With the rise of the so-called Internet of Things—the smartphone’s connected to the TV package, the TV package is connected to the home Internet service, the Internet is connected to the thermostat, the thermostat’s connected to the smartwatch—companies are thinking of how to lock customers in to their whole ecosystem.
Customer packages and device compatibility will play a big role.
Some devices will only work with one brand, and sometimes just a segment of a brand (the smartwatch comes to mind), but many devices integrate well with other brands as, for example, iTunes works with Windows.
With Apple’s dominance in the smartphone market, the ecosystem battle is about to heat up, and a lot is at stake.
Apple has partnered with American Express on it’s mobile payment system, according to Re/Code. Users will be able to use their smartphones as credit cards, to pay for goods.
Apple CEO Tim Cook stated earlier this year, during Apple’s earnings call, that Apple had 800 million iTunes accounts, most of which had credit cards attached to them.
With the addition of the near-field communication (NFC) chip, users will be able to make payments with their iPhones using the phones’ finger print scanner to secure the transaction. This could potentially transforms users’ iTunes accounts into digital wallets, and at the same time give Google Wallet, Isis, Square, and PayPal a run for their money.
With Apple users spending four times as much as Google users, as reported by Fortune, this could be the jolt that makes mobile payments go mainstream.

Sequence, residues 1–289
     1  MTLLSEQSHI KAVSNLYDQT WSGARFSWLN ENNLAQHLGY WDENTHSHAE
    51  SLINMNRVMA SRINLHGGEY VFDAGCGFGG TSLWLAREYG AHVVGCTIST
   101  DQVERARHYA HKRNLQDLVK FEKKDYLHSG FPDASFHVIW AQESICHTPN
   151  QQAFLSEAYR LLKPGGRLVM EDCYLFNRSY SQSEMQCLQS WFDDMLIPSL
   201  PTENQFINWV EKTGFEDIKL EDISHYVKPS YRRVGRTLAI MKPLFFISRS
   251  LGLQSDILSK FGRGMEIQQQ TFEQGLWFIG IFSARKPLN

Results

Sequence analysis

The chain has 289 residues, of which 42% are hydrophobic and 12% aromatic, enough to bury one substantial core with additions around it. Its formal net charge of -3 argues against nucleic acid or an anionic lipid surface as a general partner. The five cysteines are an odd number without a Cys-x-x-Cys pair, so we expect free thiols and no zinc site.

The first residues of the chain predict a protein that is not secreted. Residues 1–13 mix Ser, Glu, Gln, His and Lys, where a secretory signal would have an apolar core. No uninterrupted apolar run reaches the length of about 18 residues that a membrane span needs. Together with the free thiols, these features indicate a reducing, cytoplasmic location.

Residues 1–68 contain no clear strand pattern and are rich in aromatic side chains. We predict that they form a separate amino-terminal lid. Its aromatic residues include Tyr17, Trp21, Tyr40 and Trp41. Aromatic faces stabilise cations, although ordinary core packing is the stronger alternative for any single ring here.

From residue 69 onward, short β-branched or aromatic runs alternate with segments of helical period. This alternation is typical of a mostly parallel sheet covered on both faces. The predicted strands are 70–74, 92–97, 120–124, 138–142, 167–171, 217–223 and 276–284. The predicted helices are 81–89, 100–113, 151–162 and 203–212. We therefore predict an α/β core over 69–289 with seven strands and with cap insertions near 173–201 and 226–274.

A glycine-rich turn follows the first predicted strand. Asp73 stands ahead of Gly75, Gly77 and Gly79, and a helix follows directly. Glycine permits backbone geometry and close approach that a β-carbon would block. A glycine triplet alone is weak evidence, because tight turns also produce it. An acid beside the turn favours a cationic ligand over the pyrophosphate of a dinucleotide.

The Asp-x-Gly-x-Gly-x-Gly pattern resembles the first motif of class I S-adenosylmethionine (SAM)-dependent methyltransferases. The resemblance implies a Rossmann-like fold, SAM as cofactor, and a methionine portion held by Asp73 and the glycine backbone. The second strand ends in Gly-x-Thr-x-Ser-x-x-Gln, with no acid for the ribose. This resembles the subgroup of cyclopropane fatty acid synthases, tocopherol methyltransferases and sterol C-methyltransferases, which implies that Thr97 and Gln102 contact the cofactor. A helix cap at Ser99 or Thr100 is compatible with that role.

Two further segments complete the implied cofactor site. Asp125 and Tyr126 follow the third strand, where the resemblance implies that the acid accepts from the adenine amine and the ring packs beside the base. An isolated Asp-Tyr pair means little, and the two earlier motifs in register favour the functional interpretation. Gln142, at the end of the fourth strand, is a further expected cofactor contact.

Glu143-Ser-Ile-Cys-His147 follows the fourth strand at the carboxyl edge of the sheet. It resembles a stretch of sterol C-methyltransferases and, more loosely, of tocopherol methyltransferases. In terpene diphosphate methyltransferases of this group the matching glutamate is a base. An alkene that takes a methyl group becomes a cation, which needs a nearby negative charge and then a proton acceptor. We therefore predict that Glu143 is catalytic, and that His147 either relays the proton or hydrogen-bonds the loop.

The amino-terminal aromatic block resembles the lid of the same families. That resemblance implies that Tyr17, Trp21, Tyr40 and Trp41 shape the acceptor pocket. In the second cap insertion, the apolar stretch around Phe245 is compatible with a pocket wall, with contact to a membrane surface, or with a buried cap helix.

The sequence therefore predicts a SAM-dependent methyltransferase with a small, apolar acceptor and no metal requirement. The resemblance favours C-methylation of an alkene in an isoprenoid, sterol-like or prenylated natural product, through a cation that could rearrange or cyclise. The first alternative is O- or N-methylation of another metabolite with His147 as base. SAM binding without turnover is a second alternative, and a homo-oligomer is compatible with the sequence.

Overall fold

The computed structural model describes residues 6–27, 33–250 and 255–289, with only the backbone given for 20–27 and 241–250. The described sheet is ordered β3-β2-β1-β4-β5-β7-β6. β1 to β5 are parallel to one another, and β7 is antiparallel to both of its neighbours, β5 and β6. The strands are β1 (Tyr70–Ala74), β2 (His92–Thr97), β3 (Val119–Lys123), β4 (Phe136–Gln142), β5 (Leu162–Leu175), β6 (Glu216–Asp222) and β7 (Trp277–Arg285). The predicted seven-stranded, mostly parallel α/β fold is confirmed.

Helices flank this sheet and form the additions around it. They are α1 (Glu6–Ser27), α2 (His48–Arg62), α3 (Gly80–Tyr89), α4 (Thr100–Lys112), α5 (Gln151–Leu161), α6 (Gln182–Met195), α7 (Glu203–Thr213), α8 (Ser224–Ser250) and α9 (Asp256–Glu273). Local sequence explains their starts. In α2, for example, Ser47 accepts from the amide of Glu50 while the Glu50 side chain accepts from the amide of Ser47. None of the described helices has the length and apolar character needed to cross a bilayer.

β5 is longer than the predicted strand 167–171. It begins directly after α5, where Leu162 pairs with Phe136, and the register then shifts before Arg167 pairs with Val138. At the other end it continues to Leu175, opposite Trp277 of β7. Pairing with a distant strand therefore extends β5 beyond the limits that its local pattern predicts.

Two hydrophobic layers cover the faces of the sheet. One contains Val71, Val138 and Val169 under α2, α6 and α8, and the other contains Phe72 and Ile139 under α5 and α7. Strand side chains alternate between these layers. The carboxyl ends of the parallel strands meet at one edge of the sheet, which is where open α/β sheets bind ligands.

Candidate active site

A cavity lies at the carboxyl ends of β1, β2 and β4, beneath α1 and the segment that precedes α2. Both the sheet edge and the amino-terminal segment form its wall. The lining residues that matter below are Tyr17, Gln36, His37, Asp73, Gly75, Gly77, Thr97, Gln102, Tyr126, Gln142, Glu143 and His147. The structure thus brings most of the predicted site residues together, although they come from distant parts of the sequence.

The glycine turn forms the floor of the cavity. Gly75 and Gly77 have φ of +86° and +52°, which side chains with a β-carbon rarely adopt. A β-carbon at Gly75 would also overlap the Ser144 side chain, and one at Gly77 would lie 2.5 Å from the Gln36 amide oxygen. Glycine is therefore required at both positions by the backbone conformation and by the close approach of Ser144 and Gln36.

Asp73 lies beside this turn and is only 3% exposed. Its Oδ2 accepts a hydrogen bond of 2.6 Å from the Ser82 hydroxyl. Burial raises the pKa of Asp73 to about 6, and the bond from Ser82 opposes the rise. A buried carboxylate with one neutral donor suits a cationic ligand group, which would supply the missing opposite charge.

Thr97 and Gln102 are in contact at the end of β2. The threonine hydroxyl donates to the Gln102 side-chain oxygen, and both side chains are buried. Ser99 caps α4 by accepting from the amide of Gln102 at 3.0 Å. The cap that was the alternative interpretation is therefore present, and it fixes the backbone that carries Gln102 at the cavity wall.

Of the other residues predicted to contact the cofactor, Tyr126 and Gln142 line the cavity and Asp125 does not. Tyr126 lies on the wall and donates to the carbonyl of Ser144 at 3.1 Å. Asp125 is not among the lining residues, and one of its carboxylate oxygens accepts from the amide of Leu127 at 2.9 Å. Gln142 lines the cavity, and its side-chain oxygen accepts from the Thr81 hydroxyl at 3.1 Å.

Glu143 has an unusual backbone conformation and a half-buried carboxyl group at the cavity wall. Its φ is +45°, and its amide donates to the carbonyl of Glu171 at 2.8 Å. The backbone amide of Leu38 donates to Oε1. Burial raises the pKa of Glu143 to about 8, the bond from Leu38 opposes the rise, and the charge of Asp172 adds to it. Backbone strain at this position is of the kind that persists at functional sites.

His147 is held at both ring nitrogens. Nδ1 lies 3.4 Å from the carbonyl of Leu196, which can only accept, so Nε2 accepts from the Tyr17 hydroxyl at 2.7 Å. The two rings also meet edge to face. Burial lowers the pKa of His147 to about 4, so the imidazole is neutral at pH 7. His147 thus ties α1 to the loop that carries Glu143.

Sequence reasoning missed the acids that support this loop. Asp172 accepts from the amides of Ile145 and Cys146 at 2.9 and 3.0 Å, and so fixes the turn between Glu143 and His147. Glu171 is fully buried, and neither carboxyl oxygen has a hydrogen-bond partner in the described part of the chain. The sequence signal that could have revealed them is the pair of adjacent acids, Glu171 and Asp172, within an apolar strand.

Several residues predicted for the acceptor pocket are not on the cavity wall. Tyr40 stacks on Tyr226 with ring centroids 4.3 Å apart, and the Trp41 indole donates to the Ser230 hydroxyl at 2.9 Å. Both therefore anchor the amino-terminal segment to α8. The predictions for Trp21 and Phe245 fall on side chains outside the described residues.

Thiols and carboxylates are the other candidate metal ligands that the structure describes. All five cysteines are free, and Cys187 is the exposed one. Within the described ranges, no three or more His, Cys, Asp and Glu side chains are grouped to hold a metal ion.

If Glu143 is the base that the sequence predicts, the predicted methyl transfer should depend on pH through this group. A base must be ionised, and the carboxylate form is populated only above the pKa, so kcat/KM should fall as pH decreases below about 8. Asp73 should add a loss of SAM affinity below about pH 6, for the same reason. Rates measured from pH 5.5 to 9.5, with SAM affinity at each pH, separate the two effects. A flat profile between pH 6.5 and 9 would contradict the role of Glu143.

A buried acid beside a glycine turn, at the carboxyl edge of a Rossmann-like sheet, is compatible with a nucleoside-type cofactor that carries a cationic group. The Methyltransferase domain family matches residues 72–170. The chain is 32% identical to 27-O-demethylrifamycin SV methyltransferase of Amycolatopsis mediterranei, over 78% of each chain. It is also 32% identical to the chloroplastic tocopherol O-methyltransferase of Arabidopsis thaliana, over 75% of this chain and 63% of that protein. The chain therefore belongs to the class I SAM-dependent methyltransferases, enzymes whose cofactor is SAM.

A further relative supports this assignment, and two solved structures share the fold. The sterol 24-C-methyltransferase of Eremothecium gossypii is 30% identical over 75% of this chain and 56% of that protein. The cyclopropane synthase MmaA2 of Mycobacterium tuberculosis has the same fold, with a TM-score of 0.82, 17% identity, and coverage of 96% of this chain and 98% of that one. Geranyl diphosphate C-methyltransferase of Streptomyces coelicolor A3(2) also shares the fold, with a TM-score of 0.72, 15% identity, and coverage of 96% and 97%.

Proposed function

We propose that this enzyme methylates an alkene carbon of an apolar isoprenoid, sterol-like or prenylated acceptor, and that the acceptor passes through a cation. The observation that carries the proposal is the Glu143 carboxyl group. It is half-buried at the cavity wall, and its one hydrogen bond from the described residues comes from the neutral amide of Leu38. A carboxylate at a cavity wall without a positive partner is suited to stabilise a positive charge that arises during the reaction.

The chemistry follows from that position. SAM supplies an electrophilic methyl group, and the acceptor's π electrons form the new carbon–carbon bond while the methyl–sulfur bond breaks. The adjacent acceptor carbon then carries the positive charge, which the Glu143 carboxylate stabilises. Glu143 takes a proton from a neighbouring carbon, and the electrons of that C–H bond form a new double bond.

Apple’s new operation system (OS) Yosemite offers integration with iPhones and iPads the likes of which have not been seen before.
A user can start writing on her iPhone or iPad and seamlessly transition to her Mac to finish writing. Users will also be able to answer incoming calls on their Macs as long as they are on the same wireless network as the caller, reported Apple.
The handoff feature works with Mac’s productivity applications, and developers can now build handoff features into their apps.
Features like these could make all the difference for users when determining which brand to choose for their next personal computer (PC) purchases.
Rumors are spreading that Apple will showcase its smartwatch during its Sept. 9th event, and recently Apple was awarded the “iTime” smartwatch patent, as reported by AppleInsider.
The patent is for a smart wristband, with the ability to change out the main face, a sensor-ridden band, and a feature that allows it to be controlled by taps and other gestures. It’s smartphone, health band, and GPS tracker all in one.